WE SEE, then, that both analogue and digital machines can be used for automatic control, and each has advantages in its own sphere. For simple applications in which no great precision is required, an analogue controller will usually be preferable. For complex problems, or problems in which high precision is required, a digital controller will be superior. Where “real-time” computations must be made, analogue machines are almost always used now, though digital machines are beginning to achieve speeds that fit them for this type of application.
All this refers to the present state of the art of automatic control. What can we guess about the developments to come?
The simple specialized analogue controllers already in use will surely be extended to wider application. But the most significant and exciting prospects reside in the digital machine. We can expect that it will soon open up a new dimension of control. The meaning of this prediction can be admirably illustrated in terms of the highly instrumented catalytic cracking plant which Eugene Ayres has described in a preceding article.
Mr. Ayres tells us of a plant in which there are some 150 different analogue controllers, each governing some aspect of the continuous process that the plant performs. Several hundred indicators on a central control panel offer the most detailed information on system performance. Many of these indicating instruments also provide continuous recordings. Manual controls which can override any automatic controller are present for use in emergency. The instruments and controls have been arranged on a flow diagram which simulates the organization of the plant and helps the human operator to find his way through the complexities of instrumentation. And the most important process-controls are adjusted manually according to the results of a periodic product analysis.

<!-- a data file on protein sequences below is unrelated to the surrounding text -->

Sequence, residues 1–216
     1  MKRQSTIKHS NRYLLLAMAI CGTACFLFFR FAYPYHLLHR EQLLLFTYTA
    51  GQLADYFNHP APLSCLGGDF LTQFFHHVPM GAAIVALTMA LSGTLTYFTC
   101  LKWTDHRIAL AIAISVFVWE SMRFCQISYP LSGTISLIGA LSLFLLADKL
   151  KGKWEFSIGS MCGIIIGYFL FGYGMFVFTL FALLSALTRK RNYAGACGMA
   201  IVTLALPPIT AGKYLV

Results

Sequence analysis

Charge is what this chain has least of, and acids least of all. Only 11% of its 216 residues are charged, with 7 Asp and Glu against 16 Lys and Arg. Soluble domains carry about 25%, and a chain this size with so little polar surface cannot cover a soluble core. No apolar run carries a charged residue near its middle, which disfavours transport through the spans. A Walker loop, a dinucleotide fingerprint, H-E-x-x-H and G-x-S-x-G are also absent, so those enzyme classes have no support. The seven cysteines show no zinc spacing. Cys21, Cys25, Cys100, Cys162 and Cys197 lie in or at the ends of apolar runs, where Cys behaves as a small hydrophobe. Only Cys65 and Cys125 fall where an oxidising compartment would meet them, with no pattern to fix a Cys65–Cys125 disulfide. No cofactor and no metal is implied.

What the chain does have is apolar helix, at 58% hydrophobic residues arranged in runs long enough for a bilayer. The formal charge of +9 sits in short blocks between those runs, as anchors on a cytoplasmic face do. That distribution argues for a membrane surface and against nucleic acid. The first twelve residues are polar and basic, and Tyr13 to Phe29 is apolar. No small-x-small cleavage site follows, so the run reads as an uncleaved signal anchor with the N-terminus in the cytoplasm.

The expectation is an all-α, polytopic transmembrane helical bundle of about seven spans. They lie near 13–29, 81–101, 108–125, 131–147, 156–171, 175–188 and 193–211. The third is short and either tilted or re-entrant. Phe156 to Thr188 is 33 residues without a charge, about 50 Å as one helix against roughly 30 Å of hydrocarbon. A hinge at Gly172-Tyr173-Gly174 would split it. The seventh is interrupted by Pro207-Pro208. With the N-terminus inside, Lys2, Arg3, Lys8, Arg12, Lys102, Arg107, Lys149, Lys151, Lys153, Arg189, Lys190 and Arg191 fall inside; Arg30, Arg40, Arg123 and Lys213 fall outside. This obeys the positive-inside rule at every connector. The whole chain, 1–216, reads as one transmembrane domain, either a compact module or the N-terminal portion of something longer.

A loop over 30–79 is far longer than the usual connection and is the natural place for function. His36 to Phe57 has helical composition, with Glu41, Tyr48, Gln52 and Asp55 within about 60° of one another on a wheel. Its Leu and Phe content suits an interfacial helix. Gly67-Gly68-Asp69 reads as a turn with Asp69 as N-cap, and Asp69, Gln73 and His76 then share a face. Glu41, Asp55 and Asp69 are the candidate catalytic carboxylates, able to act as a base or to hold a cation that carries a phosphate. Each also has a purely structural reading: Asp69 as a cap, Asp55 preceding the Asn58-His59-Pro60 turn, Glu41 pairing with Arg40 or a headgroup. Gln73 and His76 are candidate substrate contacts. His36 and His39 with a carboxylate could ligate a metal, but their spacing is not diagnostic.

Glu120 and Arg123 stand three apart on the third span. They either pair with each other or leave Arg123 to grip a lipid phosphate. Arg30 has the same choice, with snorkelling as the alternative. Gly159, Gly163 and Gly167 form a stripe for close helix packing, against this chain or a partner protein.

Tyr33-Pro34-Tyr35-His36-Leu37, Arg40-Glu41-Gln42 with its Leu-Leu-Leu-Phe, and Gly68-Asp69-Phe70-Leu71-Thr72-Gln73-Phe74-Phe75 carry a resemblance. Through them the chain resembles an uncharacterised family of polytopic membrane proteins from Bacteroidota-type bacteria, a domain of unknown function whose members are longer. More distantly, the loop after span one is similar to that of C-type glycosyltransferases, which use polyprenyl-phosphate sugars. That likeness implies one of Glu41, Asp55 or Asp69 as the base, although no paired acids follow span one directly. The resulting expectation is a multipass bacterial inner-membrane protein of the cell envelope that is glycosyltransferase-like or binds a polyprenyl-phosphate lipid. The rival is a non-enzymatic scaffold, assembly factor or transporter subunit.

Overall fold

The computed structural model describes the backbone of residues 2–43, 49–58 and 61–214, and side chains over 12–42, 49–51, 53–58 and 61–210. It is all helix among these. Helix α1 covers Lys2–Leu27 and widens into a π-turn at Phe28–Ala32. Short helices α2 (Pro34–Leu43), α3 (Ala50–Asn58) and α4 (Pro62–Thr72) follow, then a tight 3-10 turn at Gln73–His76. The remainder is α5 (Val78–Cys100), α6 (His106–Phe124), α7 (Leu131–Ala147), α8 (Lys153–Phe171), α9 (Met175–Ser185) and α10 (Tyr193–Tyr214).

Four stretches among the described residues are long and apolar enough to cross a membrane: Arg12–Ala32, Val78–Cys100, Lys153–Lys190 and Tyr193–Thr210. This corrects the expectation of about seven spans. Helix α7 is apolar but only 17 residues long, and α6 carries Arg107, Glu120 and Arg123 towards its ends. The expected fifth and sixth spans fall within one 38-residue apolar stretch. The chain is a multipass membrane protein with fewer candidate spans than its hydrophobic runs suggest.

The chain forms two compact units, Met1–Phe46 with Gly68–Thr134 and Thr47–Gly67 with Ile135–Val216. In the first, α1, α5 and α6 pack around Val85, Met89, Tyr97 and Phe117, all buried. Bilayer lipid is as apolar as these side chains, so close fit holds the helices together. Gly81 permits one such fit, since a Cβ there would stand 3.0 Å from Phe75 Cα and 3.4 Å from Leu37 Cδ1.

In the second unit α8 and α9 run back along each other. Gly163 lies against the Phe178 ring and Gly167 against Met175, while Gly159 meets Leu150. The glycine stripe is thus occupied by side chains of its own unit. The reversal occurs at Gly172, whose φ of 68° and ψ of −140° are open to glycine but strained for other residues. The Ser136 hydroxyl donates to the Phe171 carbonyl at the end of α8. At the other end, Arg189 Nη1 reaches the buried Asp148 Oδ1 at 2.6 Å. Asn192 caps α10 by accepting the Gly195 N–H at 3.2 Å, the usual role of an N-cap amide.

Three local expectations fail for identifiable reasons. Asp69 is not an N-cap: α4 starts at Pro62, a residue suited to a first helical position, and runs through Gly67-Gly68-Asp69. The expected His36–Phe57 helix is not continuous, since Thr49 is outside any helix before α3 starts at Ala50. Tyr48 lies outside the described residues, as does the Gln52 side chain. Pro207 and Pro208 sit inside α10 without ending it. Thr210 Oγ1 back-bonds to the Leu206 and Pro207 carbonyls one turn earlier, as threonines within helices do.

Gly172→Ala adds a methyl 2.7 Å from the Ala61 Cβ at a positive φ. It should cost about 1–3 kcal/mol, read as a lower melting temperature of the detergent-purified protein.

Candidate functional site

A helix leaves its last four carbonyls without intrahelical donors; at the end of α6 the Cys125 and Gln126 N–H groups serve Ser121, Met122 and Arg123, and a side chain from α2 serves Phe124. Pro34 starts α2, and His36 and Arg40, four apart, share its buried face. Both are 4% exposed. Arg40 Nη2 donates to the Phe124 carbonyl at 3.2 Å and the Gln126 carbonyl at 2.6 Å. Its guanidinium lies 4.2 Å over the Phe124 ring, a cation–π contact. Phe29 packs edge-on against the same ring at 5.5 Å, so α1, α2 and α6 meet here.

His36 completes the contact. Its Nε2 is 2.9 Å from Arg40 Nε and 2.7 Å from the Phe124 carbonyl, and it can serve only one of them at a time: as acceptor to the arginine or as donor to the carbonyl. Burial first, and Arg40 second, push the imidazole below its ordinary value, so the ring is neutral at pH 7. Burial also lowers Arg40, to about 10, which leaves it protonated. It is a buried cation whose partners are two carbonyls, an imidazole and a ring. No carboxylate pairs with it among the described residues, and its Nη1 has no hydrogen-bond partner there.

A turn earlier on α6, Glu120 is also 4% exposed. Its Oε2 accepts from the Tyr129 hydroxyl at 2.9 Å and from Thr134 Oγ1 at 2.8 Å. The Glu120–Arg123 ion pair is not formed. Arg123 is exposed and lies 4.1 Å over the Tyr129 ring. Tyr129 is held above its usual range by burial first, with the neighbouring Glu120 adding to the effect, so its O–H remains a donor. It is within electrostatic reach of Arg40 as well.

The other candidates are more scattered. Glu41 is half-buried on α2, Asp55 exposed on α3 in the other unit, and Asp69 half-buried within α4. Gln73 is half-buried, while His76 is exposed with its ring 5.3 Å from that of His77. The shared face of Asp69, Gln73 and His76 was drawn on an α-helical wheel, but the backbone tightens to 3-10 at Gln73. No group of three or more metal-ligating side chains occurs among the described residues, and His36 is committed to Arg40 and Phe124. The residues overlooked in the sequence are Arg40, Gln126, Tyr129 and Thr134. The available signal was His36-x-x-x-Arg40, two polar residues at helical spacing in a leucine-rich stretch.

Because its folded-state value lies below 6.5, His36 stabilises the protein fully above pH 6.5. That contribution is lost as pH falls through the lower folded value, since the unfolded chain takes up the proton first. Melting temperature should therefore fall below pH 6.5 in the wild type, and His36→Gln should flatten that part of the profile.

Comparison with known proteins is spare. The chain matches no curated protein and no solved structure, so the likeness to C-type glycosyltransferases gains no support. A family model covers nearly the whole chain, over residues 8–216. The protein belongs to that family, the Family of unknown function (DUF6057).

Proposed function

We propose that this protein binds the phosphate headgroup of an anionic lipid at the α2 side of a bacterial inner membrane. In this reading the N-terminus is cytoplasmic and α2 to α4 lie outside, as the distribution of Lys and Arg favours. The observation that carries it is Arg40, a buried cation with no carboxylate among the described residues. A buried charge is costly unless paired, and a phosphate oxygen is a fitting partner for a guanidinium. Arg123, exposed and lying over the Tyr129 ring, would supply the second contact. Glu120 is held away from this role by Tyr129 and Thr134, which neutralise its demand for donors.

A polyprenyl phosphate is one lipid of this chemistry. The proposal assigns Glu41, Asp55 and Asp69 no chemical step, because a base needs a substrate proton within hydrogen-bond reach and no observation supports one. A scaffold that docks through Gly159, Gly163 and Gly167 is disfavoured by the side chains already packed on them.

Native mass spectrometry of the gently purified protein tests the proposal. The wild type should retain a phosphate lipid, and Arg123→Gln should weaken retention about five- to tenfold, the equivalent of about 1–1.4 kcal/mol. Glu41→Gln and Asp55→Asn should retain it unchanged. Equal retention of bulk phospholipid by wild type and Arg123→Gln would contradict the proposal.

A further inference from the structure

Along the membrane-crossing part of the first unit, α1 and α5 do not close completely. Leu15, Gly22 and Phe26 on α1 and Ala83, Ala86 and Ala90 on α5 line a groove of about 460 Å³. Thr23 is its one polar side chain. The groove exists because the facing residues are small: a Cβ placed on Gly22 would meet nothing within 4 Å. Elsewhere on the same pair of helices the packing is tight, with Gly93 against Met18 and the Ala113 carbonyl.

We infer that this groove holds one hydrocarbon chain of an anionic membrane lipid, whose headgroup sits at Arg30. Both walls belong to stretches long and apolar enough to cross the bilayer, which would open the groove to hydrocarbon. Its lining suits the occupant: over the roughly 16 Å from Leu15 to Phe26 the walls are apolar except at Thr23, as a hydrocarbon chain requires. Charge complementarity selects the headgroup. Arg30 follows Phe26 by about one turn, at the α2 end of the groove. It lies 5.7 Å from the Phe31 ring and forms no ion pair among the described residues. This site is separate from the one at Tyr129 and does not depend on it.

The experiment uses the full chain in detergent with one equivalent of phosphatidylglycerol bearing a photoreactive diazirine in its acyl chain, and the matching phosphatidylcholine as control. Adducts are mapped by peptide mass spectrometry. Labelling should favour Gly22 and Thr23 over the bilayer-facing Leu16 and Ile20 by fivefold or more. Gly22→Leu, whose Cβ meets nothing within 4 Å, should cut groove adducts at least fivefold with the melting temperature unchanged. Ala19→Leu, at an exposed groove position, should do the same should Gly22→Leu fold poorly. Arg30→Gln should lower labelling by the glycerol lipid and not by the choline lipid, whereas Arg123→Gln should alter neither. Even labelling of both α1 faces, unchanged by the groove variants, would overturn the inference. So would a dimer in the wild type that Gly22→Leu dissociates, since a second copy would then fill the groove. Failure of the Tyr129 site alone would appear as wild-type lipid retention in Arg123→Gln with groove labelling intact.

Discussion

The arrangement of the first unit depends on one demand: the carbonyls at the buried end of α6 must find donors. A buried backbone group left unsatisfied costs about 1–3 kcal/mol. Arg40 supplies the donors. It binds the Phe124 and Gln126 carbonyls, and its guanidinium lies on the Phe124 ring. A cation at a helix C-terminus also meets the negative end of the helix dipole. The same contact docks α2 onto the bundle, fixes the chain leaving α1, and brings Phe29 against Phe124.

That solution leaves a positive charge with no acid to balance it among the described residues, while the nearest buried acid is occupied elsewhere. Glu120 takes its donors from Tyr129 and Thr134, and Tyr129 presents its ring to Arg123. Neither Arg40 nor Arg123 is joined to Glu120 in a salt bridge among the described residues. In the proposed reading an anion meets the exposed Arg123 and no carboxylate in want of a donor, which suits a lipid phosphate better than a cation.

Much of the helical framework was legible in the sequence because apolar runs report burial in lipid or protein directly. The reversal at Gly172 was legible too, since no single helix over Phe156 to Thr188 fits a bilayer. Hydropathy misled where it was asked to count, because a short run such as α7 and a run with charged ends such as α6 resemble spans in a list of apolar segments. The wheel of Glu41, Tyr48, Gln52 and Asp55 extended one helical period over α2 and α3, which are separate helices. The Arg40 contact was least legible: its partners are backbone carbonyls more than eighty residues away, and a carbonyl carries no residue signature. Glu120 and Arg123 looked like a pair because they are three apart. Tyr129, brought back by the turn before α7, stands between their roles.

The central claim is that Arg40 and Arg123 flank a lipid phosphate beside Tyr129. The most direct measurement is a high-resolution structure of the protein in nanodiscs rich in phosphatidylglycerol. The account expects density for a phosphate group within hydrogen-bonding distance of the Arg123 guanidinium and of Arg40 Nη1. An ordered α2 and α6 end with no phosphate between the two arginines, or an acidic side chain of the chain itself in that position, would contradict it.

Clearly the human operator is still the master of this “automatic” plant. However elaborate the instrumentation, the readings of the instruments are still presented to men; however competent the automatic controllers, provision for human veto of their action is built into every one of them. Men are expected to meet emergencies, and to take control under “conditions of unstable equilibrium such as starting up or shutting down.” The cracking plant is automatic only when the unexpected is not happening; in times of stress it falls back on human control, and its whole design is dictated by this necessity.
To this scheme there will soon be added end-point controlâ€”continuous adjustment of the main process-controls on the basis of a continuous product analysis within the system itself. This modification will improve performance, but it will leave the situation essentially as it was before: more routine responsibility will be given to machinery, but the human supervisor will still be vital to proper operation.
THE DIGITAL information machine, employed as an instrument of supervisory automatic control, can change this picture radically. Since such a machine can be instructed to perform any set of logical operations, however complicated, it can be programmed at the outset to react in emergencies precisely as would a well-instructed human operatorâ€”and it can react at least a thousand t